January 6, 2019
Today’s Times investigates commercial property valuations for the purpose of tax collection. The article suggests that brick-and-mortar retailers are gaming the system to unfairly reduce their property value and therefore pay local governments less in taxes. In Michigan, from 2013 to 2017, this may have cost local government $100 million.
While this a fair investigation to undertake, I ask the Times to investigate the harmful tax effects of millions of shoppers buying at Amazon. Should we be devoting front page stories to the antics of struggling brick-and-mortar retailers while Wall Street darlings like Amazon pay very little in taxes compared to other retailers? From what I understand, Amazon’s tax impact way outshines what the culprits may be doing in this article. How much did Michigan lose due to Amazon from 2013 to 2017 in tax revenue? (And to how many job losses did Amazon contribute?)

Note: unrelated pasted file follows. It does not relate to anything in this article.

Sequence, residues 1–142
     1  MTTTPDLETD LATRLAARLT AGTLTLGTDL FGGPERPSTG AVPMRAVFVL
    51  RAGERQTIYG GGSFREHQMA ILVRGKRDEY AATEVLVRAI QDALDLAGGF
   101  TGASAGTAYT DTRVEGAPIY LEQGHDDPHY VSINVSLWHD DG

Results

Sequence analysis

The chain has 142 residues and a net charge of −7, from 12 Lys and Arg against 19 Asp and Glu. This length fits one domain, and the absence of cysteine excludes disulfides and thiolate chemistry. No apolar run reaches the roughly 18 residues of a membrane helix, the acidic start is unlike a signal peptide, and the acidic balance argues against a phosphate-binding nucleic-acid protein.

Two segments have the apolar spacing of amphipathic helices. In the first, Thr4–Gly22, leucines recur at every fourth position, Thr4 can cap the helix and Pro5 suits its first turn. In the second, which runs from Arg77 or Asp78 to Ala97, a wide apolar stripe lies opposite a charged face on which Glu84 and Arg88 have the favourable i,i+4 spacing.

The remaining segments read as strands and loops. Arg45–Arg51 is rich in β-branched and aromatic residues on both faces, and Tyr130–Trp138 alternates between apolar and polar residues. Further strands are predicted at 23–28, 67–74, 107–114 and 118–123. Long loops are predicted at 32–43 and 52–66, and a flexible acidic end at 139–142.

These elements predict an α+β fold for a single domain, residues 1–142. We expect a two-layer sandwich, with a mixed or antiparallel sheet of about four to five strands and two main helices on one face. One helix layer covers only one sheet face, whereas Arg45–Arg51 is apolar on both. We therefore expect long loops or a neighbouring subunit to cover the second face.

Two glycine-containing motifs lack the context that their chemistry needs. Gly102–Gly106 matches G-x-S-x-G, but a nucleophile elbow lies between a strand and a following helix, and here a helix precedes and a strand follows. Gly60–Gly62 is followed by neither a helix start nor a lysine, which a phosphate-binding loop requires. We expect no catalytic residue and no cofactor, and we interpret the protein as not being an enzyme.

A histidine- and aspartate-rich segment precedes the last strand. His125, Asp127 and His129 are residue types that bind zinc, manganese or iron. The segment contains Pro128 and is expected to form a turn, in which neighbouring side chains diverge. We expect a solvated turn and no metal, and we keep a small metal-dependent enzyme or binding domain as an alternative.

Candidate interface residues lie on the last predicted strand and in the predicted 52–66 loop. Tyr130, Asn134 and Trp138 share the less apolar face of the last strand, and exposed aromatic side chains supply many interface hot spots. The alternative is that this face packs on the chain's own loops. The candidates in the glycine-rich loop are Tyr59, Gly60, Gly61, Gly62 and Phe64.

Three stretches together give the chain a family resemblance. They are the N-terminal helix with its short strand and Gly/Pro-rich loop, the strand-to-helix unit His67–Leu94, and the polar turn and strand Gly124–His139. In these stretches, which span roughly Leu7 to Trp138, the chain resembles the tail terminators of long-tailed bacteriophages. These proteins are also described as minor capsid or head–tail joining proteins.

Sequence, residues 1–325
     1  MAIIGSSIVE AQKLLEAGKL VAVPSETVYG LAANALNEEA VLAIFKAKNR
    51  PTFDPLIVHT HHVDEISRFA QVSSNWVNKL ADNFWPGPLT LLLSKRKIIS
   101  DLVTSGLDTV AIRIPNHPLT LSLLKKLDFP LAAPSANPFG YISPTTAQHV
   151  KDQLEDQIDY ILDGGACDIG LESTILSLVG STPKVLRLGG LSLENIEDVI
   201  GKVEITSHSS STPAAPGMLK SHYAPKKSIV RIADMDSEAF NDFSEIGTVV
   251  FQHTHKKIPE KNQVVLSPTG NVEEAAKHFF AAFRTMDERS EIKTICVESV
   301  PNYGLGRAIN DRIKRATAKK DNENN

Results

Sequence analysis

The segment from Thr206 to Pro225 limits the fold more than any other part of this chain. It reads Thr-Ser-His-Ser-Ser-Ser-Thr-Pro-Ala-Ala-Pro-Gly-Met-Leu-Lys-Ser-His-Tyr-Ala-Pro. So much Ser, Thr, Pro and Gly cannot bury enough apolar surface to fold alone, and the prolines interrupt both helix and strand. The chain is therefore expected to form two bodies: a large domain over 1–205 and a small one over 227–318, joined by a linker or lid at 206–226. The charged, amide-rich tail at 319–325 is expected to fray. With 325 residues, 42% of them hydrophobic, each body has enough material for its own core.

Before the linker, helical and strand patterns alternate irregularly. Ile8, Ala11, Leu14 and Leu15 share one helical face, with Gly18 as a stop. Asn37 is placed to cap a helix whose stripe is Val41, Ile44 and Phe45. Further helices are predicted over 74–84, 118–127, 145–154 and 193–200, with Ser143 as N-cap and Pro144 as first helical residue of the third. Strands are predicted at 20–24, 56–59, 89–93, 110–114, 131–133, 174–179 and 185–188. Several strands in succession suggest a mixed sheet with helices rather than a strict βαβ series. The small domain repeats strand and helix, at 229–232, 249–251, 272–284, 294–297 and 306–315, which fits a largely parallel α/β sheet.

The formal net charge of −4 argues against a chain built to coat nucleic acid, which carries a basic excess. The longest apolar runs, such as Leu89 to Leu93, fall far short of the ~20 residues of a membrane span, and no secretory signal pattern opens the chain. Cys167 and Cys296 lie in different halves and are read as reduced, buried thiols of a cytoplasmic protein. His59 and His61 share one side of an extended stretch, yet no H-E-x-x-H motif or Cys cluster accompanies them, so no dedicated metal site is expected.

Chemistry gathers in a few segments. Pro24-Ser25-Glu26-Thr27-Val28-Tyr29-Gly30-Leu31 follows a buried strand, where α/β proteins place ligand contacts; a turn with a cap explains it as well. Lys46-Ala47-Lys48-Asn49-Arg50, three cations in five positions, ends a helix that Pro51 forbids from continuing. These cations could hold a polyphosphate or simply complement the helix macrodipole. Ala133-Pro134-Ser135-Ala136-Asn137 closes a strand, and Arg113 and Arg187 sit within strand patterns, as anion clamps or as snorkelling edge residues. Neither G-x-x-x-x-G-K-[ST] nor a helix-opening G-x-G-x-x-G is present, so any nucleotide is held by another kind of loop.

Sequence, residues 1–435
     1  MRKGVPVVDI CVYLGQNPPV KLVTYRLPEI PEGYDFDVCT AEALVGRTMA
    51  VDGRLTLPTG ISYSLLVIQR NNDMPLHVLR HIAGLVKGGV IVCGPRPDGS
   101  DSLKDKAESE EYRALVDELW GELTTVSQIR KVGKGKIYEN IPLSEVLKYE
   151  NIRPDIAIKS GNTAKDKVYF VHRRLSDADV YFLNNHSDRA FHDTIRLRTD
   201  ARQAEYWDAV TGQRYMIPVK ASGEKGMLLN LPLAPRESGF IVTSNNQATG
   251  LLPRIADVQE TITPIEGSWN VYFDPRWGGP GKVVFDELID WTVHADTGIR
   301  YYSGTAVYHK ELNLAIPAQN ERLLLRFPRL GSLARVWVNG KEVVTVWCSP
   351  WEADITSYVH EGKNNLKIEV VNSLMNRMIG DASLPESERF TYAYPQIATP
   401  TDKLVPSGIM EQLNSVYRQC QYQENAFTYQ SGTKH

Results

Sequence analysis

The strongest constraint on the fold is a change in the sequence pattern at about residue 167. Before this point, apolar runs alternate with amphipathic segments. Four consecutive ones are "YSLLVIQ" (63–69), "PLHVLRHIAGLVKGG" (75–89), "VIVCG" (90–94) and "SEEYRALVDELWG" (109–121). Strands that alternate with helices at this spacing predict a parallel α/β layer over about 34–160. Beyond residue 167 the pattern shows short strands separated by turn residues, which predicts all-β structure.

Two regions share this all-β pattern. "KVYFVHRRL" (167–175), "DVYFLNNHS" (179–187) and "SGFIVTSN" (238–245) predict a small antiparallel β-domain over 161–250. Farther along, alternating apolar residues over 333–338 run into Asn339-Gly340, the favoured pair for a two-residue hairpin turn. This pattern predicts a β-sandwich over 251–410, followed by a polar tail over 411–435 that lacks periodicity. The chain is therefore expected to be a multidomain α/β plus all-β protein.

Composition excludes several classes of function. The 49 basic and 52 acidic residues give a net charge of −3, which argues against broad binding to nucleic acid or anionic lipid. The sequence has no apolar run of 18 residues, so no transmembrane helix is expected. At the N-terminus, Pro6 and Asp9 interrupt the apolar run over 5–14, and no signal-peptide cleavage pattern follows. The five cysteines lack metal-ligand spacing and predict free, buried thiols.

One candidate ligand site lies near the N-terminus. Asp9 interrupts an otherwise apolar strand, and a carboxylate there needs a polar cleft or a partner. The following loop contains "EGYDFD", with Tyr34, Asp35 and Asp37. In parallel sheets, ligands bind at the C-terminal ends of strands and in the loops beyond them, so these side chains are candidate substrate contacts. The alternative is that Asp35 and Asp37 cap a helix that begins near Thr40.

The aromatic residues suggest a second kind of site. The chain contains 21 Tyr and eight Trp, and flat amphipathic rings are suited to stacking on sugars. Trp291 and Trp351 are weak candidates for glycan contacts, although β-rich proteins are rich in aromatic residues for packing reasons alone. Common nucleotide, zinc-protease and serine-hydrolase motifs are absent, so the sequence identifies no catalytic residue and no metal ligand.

While on the topic of investigating the actors in tax generation, here’s a story idea: the Times can take nurses, teachers, and civil servants to task for shopping at Amazon and defunding their local community’s tax coffers--while having their salary rely on this very local tax base. They’re shooting themselves in the foot. It’s like a drug problem. We have narco dealers and narco users. But in this case the addiction is: cheap online shopping regardless of the long-term costs. Our communities are going to suffer more tax and job loss unless we address this soon.
A notable bright spot for local tax collection was the recent Supreme Court decision that overturned Quill. States are now allowed to charge tax on more online purchases, and some have already started. As an example, Michigan started on October 1st, 2018 charging tax on goods shipped to the state by entities with no physical presence there. Previously, a shopper in Michigan would order a blow dryer from a business in Illinois in order to skip paying Michigan tax. Now the shopper must pay tax. (Read more about Michigan's new tax collection policy here
)Read the full NYT article about commercial property tax assessments here